NOLA legend Harry Connick Jr. started a formidable Krewe that rolls down the Avenue on Lundi Gras and ends up at the Convention Center.
Their Ball is a black tie, BYOB affair that starts at 7pm and ends at 3am. Connick usually performs, along with the honorary captain.
The year I rode in Orpheus, we enjoyed a short set by Stevie Wonder. The following year it was country star Dierks Bentley.
Bacchus, Zulu, and Endymion may have bigger balls, but none are open to the public, with tickets available through the Krewe of Orpheus website.
Want to ride in a parade? You can do that, too, if you have a spare $2000 lying around. That’s about what it costs for a membership and a modest throw package.
BEST MARDI GRAS PARADES
KREWE OF MUSES PARADE (Magazine Street)
Several years ago, the Mardi Gras gods decided to enlarge the routes for some of the parades, starting them further Uptown on Jefferson Avenue and Magazine Street before turning down Napoleon Avenue.
If you don’t mind missing some of the earlier parades on the Thursday before Mardi Gras, you can find plenty of space to catch beads and enjoy the floats, bands, and marching groups in a family-friendly environment.
Bring your own chairs, ladders, and ice chests… or don’t. Either way, you’ll have a great time watching the women of Muses reign from atop their satirical floats.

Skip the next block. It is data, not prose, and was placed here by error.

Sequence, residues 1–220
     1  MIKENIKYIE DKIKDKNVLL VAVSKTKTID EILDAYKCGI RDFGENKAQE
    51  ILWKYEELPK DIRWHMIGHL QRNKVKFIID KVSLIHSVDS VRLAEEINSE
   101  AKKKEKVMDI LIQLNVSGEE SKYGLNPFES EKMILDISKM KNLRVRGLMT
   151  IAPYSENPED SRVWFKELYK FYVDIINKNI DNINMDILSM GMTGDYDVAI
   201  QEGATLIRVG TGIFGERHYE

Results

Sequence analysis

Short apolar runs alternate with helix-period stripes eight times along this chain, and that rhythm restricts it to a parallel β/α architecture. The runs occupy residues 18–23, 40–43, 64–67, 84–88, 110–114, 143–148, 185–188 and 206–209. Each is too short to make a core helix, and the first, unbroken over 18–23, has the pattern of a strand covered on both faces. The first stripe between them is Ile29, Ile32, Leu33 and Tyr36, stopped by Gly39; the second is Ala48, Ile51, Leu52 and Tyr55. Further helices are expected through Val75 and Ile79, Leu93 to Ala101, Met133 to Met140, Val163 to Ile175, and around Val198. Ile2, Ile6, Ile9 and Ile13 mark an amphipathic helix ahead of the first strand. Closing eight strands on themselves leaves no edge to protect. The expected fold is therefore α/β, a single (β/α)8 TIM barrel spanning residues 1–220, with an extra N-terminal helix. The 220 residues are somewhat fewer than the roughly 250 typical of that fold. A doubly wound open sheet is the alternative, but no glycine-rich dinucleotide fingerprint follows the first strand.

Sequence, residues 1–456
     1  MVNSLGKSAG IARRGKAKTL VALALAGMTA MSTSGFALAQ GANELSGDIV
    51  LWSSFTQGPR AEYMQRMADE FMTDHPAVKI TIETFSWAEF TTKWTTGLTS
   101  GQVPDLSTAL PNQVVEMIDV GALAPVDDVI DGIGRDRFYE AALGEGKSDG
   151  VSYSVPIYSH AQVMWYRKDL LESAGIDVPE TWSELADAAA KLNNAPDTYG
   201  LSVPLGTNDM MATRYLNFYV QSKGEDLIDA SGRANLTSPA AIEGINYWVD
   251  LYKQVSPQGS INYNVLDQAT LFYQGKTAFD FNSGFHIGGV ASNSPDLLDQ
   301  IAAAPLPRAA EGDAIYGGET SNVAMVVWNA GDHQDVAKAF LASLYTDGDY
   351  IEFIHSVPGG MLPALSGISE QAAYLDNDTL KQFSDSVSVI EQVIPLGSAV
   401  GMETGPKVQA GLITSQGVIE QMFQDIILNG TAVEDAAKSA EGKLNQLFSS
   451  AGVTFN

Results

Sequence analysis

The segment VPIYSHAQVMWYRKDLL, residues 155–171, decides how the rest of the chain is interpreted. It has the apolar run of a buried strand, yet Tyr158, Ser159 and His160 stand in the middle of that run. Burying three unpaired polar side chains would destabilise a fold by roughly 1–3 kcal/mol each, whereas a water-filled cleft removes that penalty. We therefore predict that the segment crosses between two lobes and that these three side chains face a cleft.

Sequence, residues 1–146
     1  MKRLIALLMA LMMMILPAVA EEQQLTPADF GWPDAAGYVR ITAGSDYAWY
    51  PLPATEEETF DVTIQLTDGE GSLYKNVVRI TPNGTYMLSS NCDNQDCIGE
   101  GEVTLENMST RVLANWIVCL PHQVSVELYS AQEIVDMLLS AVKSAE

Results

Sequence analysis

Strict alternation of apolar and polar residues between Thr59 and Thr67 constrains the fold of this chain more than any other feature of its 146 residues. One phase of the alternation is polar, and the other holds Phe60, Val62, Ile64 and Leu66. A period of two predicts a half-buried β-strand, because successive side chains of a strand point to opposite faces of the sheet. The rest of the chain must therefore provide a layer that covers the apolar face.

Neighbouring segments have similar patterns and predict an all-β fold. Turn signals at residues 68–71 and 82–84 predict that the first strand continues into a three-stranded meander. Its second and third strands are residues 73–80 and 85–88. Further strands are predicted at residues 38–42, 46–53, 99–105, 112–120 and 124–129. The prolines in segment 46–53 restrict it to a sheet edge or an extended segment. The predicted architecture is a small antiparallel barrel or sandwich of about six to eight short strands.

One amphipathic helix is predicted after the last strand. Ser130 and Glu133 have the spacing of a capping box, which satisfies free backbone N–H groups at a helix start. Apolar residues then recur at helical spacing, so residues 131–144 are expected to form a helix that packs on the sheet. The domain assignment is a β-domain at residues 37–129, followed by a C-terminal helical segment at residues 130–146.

There are dozens of krewes that have been around longer than Krewe of Muses, who exploded on the scene back in the early 2000s. But no one else throws hand-designed glittery shoes of all shapes and styles to the throngs of screaming fans.
Add to that the all-girl marching krewes– the Pussyfooters, the Cameltoe Lady Steppers, the Sirens, and many more– showing off their dance moves in full costume, and you have an estrogen-enhanced party the whole family can enjoy.
REX AND ZULU PARADES
If you say you’ve been to Mardi Gras and never stayed ’til Tuesday, then you have no idea what it’s all about. This is the day the locals look forward to, and it’s evident in the creative costumes and weary faces.
The day begins with the Zulu Social Aid & Pleasure Club’s Zulu Parade, which winds its way through Central City before heading downtown on the traditional route.
What began as a satirical parade poking fun at the traditional white-only krewes has grown in popularity over the years, as parade-goers tussle for a prized decorated coconut thrown by a black rider dressed in black face.
Following the Zulu parade is Rex, the secretive king of Carnival, who reigns over the Rex Parade. Catch a glimpse of Rex and then head into the French Quarter toward Jackson Square, where you can people-watch the day away.
KREWE OF ST. ANNE & KREWE OF JULU PARADES